Plate Tectonics Got Started Early in our Planet’s History
Our planet has a magnetic field, similar to the magnetic field that can be generated by a simple bar magnet. This field is aligned close to but not directly with the Earth’s axis of rotation. The magnetic poles lie some way from the geographic poles (separated by approximately eleven degrees). Earth’s magnetism is powered by fluid motion inside our planet and this field protects all life from the harmful solar winds that are expelled by the sun. When this field was first generated has remained a mystery. It had been thought that the Earth’s magnetic field had been around for some 3.45 billion years, now new research conducted by scientists at the University of Rochester (New York) suggests that this magnetic field is actually much older.
John Tarduno, a geophysicist at the University of Rochester and lead author of a paper published in the journal “Science” estimates that the Earth’s magnetic field was formed at least four billion years ago. This is much earlier in our planet’s history than previously thought, it is estimated that Earth was formed some 4.56 billion years ago.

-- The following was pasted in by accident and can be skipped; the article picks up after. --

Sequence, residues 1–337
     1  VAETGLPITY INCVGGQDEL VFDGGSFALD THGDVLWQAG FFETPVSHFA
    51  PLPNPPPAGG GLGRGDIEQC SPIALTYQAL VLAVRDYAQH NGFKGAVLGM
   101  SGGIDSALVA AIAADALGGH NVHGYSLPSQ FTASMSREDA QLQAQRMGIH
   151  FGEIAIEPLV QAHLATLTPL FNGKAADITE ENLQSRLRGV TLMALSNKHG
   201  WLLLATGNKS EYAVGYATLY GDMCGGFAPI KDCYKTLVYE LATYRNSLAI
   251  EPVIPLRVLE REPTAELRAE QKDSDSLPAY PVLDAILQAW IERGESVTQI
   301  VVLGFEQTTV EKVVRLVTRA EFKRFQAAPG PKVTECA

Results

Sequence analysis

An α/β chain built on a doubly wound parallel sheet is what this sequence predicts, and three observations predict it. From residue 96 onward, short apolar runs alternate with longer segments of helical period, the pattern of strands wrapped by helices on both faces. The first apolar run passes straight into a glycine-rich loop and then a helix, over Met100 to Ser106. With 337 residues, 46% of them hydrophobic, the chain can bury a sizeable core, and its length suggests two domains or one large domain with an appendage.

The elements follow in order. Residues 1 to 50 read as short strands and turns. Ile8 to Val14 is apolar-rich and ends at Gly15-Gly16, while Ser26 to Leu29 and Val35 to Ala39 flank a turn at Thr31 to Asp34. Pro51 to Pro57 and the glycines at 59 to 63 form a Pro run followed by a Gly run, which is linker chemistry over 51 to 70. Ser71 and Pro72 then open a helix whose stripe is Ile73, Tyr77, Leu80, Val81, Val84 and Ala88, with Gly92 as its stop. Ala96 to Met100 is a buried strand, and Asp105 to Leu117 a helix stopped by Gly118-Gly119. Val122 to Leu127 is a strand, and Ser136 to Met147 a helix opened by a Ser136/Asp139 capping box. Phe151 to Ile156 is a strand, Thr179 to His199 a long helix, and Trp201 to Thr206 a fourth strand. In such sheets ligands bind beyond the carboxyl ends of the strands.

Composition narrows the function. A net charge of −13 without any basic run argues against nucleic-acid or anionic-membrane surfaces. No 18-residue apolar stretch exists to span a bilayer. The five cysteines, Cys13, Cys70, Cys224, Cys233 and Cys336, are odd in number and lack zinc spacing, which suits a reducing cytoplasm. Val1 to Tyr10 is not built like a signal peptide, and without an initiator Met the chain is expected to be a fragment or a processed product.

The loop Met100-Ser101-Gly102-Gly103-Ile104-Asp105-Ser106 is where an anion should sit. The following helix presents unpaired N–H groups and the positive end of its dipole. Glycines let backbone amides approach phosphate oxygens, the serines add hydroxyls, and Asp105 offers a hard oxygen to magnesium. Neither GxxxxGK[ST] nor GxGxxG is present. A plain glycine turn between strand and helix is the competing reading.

Since 2010, the best estimate of the age of Earth’s magnetic field has been 3.45 billion years. But now a researcher responsible for that finding has new data showing the magnetic field is far older.
Why is a Magnetic Field Important?
It has to do with our sun and cosmic radiation. As well as visible light, the sun sends out streams of charged particles into space, it is not the only source of cosmic radiation, any luminous body in the universe produces radiation, but since the sun is 93 million miles away, at the centre of our solar system and with a radius of approximately 700,000 kilometres it is the biggest contributor to the harmful cosmic rays that get sent our way. Particles of different wavelengths and energies are being generated all the time by our sun and it is these higher energy radioactive particles that are dangerous to life forms. Thankfully, those that make it to Earth are deflected away by our planet’s strong magnetic field. This magnetism acts as a shield helping to protect our planet and the life that exists on it.
An Artist’s Illustration of the Earth’s Magnetic Field Deflecting Particles
Picture Credit: Michael Osadciw/University of Rochester
Professor Tarduno explained:
“A strong magnetic field provides a shield for the atmosphere. This is important for the preservation of habitable conditions on Earth.”